Reading about Artemis makes me feel very attached to the plant Artemesia.  She is such a beautiful, tall, graceful plant.  Her connection to the moon is apparent in the silvery undersides of her leaves and the silvery appearance of her flowers.  I have her growing in a part of my garden that is dedicated to the Irish Moon Goddess Aine.  I find that Artemesia makes a tasty tea and her powers of protection can be claimed by making a smudge stick.  Artemesia is also harvested for use in divinatory rituals and for vivid dreaming.  It is traditional to include Artemesia in a dream pillow or just put her straight under the pillow.  I have made a flower essence from Artemesia and I take it when going to bed, setting an intention to receive wisdom and teachings from the Goddess in my dreams.

 

How do you use Artemesia?

 

11 thoughts on “Magical Mugwort – Artemesia!

  1. Melanie says:

    Thank you Terri so much for this , iv read it twice it is so interesting , now I will go in search for mugwort . Blessings xxx❤️

  2. Aimee C. Huntley says:

    Oh Terri! What a wonderful compilation of excellent information!
    Thank you so very much for sharing this! I can’t wait to read your other past blogs!

    Many Thanks and Happy Full September Moon.
    Aimee

  3. Chris S says:

    Hello Terri from New Jersey,US- I recently found you on youtube and I love your plant info , your holistic approach and your connection to our Earth mother- I loved the info on Artemesia since it seems to follow me wherever I move as does Pokeweed- I allow the Pokeweed to grow since it is so beautiful when the berries appear and the catbirds love it-they seem to almost get drunk on them and are funny to watch- Although I have tried to pull up much of the Artemesia, I still have lots of it – It occurred to me after reading your article that maybe it grew there for a reason? Perhaps I should make a tea infusion with it- can it be infused along with Melissa(lemon bee balm) which I also seem to not be able to encourage to leave the garden!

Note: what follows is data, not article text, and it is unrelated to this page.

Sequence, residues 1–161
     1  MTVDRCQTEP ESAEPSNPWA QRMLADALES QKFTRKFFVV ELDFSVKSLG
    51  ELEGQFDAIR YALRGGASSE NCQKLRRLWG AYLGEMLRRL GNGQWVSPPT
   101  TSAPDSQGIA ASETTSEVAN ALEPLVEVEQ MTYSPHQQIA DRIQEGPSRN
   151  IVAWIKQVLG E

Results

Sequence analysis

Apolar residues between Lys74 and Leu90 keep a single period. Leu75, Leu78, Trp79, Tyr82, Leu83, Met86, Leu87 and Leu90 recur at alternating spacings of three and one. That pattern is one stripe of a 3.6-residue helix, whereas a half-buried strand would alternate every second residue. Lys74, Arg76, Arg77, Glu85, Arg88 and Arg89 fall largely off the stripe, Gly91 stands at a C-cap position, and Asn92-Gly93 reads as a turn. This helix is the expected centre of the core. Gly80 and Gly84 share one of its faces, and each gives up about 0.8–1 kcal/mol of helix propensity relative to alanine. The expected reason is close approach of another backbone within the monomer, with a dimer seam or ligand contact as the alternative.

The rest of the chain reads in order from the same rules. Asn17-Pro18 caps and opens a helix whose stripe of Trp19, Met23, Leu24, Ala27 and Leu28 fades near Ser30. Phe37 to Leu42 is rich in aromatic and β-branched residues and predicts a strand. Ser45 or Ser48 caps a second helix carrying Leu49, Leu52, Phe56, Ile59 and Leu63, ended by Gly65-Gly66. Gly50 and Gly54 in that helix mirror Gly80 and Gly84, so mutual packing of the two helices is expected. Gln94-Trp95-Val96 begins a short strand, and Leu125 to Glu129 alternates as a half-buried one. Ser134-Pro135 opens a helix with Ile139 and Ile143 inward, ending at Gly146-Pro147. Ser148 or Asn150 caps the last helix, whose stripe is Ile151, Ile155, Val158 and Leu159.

4. Terri Conroy says:

    Hi Chris, thanks for getting in touch. Yes by all means include Lemon Balm/Melissa as it will improve the taste – Artemesia can be quite bitter. Both plants are ruled by the Moon as far as I remember so will work well together.

  5. Evelyn Mitchell says:

    I have learned that it can be helpful for people who want to quit smoking, when the urge to draw in the smoke is so strong they are in jeopardy of succumbing to tobacco. The dried leaf used in place of tobacco is a satisfying smoke but it does not create the “need” for more.
    I discovered this when I discovered it was also called Sacred Smoke or Sacred tobacco following up on herbal foraging and finding the herb in grate abundance in my own garden. I loved the fragrance and was convinced it was an herb I hadn’t discovered yet. So I tried it.

  6. Terri Conroy says:

    I have heard of it in that respect but I haven’t tried it myself as I gave up smoking about 11 years ago. Did you enjoy it? Any effects?

  7. Laura Hedlund says:

    Hi Terri. I learned about how evasive and difficult to get rid of mugwort after it was planted next to honeybush berries. I feared for my garden. The mugwort grew larger yet so did the honeybush berries. Instead of competitor the mugwort worked as a companion to the honeybush berry. Now mugwort is spreading and I want to keep space for growing food. My plan is to harvest young mugwort. I heard good for inchy skin. How to make lotion?